Murder at the Cook Car
Early October of 1906, the sheriff of Emmons County came out to a threshing site near Milton and arrested William Smith, a member of the crew, resulting in thirty days in jail for Smith. According to press reports, Smith had “threatened a woman in charge of the cook car with death if she didn’t drink out of a cup he offered her.”
This was no small tear in the fabric of rural society. As I have been recounting, the women who staffed the cook cars of threshing outfits were essential laborers in an essential process. They worked out in the country among rough crews of men. They had to be respected and protected. Nevertheless, there were dangers.
Some of which had to do with the physical hazards of the job. In October 1906 some of Tom Hegle’s crewmen, using a team of oxen, were moving the cook car along a hilly stretch of road south of Minot when it overturned--with a fire lit in the cookstove. Two of the men were bruised and burned, while the cook, named Mary - no last name given - was badly burned and scalded.
“The hungry threshers were at the Campbell home waiting for the arrival of the cook car and saw the accident,” says a press report. “They ran out and assisted the unfortunates from the ruins.”
Still worse was the fate of Miss Oarfor, a local girl, cook’s assistant for the Andrew Anderson outfit near Milnor the fall of 1907. She and the cook were preparing a meal in the car while it was being drawn across country by the engine. Miss Oarfor opened the door, emerged onto the step, and fell under the wheels of a sleeping car that was hitched behind. Taken to the farm home of a local woman, she died of internal injuries.
Mrs. Phil Cook was cleaning the gasoline stove of a cook car near Beach when it burst into flame. A reporter, in the florid style of the times, writes, “When her husband arrived in the car she was a mass of fire from head to foot.”
Predictably, however, some of the most serious and lurid tragedies involved, as you might surmise - men. The fall of 1906 Ernest Mabbitt was working on Jake Wagar’s crew near Denbigh and his wife - never named in reports - was the cook. They were saving wages to buy a restaurant and establish a homestead claim.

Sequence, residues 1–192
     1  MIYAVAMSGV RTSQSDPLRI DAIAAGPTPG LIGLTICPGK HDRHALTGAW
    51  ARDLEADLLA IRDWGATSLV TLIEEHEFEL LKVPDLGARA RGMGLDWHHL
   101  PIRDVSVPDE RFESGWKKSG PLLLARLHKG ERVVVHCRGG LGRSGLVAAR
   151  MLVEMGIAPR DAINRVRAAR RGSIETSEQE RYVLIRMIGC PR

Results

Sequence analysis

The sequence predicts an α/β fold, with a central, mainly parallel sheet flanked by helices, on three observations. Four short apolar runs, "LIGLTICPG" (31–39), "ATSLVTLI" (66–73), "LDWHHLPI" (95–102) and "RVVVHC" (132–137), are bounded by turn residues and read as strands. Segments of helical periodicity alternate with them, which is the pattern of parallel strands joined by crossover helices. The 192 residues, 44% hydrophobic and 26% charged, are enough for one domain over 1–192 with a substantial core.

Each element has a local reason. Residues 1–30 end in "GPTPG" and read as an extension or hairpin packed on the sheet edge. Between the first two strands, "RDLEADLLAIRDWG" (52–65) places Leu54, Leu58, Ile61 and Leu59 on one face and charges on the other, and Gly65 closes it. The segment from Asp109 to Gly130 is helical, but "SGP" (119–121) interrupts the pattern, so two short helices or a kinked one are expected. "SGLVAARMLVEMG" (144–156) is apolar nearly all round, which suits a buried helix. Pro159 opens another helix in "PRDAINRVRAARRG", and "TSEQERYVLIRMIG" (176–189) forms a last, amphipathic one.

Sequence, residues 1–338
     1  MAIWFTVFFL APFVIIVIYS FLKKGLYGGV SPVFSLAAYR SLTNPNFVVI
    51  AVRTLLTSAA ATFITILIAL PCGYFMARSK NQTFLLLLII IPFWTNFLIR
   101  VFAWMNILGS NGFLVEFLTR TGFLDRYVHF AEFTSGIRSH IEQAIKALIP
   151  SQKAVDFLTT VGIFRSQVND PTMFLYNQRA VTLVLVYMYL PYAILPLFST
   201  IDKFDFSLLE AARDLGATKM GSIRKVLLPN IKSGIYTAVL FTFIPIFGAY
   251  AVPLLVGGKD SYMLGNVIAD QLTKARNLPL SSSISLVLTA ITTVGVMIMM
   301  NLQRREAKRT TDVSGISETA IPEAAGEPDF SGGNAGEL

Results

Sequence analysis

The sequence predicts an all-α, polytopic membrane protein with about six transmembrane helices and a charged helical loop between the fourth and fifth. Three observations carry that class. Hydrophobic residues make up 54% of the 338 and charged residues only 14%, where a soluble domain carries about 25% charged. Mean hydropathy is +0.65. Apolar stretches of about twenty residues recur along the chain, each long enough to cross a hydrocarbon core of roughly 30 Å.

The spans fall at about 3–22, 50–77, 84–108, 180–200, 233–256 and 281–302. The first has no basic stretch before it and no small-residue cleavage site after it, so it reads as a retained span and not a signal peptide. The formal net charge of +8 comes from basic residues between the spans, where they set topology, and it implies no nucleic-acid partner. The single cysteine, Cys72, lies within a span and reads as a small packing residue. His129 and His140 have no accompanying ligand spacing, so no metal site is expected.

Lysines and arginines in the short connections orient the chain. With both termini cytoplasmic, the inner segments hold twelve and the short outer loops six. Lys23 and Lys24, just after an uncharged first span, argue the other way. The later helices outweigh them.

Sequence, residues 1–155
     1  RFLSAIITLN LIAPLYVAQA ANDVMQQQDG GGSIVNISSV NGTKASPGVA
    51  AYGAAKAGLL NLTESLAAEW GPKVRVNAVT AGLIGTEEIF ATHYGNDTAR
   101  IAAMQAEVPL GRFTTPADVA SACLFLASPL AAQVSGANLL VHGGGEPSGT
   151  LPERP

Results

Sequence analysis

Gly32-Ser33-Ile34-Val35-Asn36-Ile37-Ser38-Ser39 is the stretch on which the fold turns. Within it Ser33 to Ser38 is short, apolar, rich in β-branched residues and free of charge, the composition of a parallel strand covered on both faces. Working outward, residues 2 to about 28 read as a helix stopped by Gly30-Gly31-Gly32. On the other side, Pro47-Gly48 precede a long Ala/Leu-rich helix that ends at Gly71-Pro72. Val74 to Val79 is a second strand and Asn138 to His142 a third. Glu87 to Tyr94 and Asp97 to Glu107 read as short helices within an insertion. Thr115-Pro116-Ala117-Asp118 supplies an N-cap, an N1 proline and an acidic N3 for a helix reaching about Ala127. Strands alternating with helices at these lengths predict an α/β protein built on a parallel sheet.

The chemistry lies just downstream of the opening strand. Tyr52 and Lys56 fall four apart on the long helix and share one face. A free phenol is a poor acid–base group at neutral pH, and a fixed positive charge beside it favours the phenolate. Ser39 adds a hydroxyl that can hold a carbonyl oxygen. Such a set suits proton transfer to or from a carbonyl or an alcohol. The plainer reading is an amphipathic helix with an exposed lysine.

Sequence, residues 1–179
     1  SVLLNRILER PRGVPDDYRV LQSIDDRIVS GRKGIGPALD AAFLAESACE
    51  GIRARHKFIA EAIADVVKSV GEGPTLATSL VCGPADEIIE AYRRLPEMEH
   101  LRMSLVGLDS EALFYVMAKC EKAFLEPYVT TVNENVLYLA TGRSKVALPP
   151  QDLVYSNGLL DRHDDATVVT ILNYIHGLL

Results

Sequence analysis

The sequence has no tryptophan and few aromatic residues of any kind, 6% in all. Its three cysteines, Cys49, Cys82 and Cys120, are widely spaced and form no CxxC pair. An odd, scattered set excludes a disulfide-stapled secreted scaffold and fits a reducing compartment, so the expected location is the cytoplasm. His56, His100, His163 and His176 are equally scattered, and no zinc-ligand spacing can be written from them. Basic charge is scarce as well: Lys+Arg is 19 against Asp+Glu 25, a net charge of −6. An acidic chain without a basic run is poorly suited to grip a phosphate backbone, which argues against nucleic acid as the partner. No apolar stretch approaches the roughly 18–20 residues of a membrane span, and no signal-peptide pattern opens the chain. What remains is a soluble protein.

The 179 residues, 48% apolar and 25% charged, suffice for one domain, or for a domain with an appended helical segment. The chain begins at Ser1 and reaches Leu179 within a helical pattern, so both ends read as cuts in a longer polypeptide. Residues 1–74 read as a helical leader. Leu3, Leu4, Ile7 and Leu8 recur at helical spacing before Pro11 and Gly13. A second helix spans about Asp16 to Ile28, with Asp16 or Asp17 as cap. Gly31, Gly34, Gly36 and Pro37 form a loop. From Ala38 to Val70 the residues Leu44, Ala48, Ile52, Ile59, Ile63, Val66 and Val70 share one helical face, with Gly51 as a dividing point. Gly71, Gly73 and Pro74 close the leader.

Another crewman, Lew Smith, got in the habit of hanging around the cook car while others were working. Mabbit confronted him and, so a reporter says, “thought the incident closed. It was not. While her husband was scouting for a claim, Mrs. Mabbit and Smith rented a team at the livery, drove to Towner, and boarded a train, leaving an unpaid livery bill and taking the Mabbit family savings with them. The reporter discloses Smith had an unsavory reputation as a blind-pigger.
The Mabbit-Smith case pales in comparison with one about the same time in Rolette County. There the threshing crew of Albine Riendeau was working for a man named Robideau. Several policemen from Turtle Mountain, the instigator being one named Alex Poitras, showed up and the cook car with liquor. They demanded to be fed, so the cook, not named, gave them food, then sneaked out to the farmhouse. The intruders thereupon trashed the cook car.
Poitras was a big man, and he had cronies with him, so before going to the car to confront him, thresherman Riendeau ran to a nearby farm and borrowed a rifle. When Riendeau caught up with Poitras, he appeared to reach for a gun, so Riendeau shot him dead. Charged with murder, Riendeau retained as counsel none other than the Democratic candidate for governor, John Burke. A one-day trial resulted in acquittal, a decision that reportedly enjoyed “popular approval.” Evidently, a man who messes with the cook car needs killing.